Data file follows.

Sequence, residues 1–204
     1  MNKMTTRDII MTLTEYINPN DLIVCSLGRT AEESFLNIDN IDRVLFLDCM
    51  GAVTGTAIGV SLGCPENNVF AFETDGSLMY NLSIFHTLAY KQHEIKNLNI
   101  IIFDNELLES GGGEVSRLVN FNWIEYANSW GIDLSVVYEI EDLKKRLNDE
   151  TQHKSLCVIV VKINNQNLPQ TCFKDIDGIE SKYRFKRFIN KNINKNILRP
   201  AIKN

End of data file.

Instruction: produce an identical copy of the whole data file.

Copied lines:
Sequence, residues 1–204
     1  MNKMTTRDII MTLTEYINPN DLIVCSLGRT AEESFLNIDN IDRVLFLDCM
    51  GAVTGTAIGV SLGCPENNVF AFETDGSLMY NLSIFHTLAY KQHEIKNLNI
   101  IIFDNELLES GGGEVSRLVN FNWIEYANSW GIDLSVVYEI EDLKKRLNDE
   151  TQHKSLCVIV VKINNQNLPQ TCFKDIDGIE SKYRFKRFIN KNINKNILRP
   201  AIKN